Because of such attitudes and their devastating effects for Native people, members of Canada’s National History Society placed Scott on the list of “Worst Canadians” in The Beaver magazine in August, 2007.

But Scott’s real passion was poetry, which he wrote and published to wide acclaim throughout his lifetime. Scott is  considered one of the “Confederation Poets,” who were writing distinctly Canadian literature in the years that followed national independence in 1867. Scott was directly inspired by the nineteenth-century English poets, and he was particularly fond of Wordsworth. His 1905 collection of poems, for instance, is called New World Lyrics and Ballads, and in that volume he borrows materials quite directly from the Lyrical Ballads of 1798. Scott adapted Wordsworth’s “The Forsaken Indian Woman,” which was itself based on Samuel Hearne’s journals of travel in Canada, in a poem of his own, “The Forsaken,” and this poem remains his best known work today. Both Scott and Wordsworth’s poems describe a Native mother abandoned by her community to die in the wilderness, according to custom. In both poems, the mother’s devotion to her child is idealized by the poetic speaker: while in Wordsworth the mother is separated from her child, who has been given to another woman, in “The Forsaken” the mother manages to save her child’s life, only to be left to die by her descendents more than thirty years later. Like Wordsworth, Scott strives for a pared-down, naturalistic representation of language in a balladic metre, and he even includes an untranslated word from the woman’s language.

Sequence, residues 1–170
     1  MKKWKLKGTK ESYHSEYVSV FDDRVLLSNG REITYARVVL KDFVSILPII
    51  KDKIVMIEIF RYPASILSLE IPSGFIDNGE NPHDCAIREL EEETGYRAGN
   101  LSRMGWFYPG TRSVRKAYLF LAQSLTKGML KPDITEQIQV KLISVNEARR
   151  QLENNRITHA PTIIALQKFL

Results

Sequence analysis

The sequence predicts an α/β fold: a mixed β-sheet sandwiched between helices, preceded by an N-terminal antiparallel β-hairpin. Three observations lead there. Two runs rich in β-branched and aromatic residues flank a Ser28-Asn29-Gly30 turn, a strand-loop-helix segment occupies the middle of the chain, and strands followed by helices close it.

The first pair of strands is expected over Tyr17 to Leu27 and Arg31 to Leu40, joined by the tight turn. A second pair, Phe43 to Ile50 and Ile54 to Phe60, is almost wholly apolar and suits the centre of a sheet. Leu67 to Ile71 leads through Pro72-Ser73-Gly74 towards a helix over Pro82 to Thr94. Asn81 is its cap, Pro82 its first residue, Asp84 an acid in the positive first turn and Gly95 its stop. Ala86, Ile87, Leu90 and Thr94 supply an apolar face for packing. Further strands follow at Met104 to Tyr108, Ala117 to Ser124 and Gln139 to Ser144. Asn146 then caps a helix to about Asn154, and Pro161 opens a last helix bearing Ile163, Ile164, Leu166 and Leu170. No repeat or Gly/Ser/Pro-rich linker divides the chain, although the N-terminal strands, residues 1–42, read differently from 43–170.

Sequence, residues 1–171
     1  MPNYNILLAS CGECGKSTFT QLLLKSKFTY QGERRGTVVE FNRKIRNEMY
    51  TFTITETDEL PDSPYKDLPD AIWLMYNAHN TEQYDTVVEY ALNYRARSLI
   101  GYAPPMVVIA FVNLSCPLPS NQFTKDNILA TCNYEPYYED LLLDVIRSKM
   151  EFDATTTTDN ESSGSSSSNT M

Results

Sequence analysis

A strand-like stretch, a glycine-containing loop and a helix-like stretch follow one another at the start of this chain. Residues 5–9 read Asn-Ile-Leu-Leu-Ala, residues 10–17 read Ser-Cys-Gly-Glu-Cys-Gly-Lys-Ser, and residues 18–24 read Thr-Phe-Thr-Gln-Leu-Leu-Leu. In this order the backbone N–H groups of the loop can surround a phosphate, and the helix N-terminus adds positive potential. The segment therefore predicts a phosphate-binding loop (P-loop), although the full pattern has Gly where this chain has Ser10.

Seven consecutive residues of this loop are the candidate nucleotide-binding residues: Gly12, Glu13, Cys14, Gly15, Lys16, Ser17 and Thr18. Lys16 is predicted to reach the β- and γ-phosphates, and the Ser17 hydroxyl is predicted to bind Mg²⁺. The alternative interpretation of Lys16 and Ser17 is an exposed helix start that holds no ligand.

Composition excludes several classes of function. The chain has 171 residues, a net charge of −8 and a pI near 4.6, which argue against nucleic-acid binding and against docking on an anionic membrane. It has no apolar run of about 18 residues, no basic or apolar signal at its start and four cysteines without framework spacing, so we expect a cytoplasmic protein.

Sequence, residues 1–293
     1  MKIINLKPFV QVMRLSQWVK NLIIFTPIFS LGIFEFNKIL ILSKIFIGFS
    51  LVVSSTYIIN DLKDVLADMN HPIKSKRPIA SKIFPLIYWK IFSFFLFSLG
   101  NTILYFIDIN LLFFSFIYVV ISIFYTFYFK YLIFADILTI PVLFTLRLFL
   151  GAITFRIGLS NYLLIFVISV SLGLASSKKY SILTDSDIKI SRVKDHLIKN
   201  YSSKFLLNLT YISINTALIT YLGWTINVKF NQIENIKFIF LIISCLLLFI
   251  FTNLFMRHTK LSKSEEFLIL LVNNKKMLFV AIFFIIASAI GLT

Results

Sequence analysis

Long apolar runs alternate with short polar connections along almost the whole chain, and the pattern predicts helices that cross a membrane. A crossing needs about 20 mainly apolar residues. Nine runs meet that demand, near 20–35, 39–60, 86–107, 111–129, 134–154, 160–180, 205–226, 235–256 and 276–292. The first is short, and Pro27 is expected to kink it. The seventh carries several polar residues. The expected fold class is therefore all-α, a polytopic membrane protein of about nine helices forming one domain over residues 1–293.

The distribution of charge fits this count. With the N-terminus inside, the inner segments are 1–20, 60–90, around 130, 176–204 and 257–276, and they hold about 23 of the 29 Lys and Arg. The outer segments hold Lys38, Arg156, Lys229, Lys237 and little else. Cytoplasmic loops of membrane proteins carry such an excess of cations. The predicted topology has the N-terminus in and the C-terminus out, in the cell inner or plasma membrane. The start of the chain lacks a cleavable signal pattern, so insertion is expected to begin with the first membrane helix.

Contrasting his idealized portrait of the Native mother and child in “The Forsaken” with his actual policies towards Native people, Scott’s modern critics have called attention to the hypocrisy of his attitudes:

[Scott] took a romantic interest in Native traditions, he was after all a poet of some repute (a member of the Royal Society of Canada), as well as being an accountant and a bureaucrat . He was three people rolled into one confusing and perverse soul. The poet romanticized the whole ‘noble savage’ theme, the bureaucrat lamented our inability to become civilized, the accountant refused to provide funds for the so-called civilization process. In other words, he disdained all ‘living’ Natives but ‘extolled the freedom of the savages.’

Scott’s lyrical admiration of the forsaken Native woman and child was derived from Wordsworth’s aims to represent people in destitute conditions and from humble walks of life in poetic terms. And yet, as we see, he was far from humanized by his encounter with the Lyrical Ballads: they merely served as poetic inspiration that had no bearing on his devastating policies. Moreover, even his poetic language betrays the encroachment of his Eurocentric ideals on his Native subjects.

At NASSR 2015, then, it will be very interesting for us to see whether Romanticism remains complicit with Duncan Campbell Scott’s doublethink, or whether it can be redeemed in some way to promote aboriginal rights. With all the attention in the period 1789-1830 to civil liberties, the condition of the human, and the “real language of men,” Romanticism may nonetheless be, in the words of Tony Davies, “imperial, speaking of the human in the accents and the interests of a class, a sex, a race.”